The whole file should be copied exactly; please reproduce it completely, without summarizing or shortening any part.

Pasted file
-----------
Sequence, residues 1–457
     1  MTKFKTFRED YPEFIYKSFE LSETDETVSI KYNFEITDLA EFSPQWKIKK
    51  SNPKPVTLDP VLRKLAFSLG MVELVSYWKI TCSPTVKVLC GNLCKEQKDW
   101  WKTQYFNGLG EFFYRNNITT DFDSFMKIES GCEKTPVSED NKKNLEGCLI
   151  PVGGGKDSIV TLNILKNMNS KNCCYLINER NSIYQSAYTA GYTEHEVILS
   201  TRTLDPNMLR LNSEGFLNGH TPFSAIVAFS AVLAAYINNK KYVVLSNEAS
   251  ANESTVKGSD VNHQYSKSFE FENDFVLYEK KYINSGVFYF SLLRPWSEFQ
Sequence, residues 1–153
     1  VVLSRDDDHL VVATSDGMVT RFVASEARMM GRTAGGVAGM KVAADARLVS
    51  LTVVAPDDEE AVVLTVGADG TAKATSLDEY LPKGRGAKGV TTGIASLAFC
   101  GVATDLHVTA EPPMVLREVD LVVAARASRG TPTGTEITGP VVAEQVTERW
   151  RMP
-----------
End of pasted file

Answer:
Sequence, residues 1–457
     1  MTKFKTFRED YPEFIYKSFE LSETDETVSI KYNFEITDLA EFSPQWKIKK
    51  SNPKPVTLDP VLRKLAFSLG MVELVSYWKI TCSPTVKVLC GNLCKEQKDW
   101  WKTQYFNGLG EFFYRNNITT DFDSFMKIES GCEKTPVSED NKKNLEGCLI
   151  PVGGGKDSIV TLNILKNMNS KNCCYLINER NSIYQSAYTA GYTEHEVILS
   201  TRTLDPNMLR LNSEGFLNGH TPFSAIVAFS AVLAAYINNK KYVVLSNEAS
   251  ANESTVKGSD VNHQYSKSFE FENDFVLYEK KYINSGVFYF SLLRPWSEFQ
Sequence, residues 1–153
     1  VVLSRDDDHL VVATSDGMVT RFVASEARMM GRTAGGVAGM KVAADARLVS
    51  LTVVAPDDEE AVVLTVGADG TAKATSLDEY LPKGRGAKGV TTGIASLAFC
   101  GVATDLHVTA EPPMVLREVD LVVAARASRG TPTGTEITGP VVAEQVTERW
   151  RMP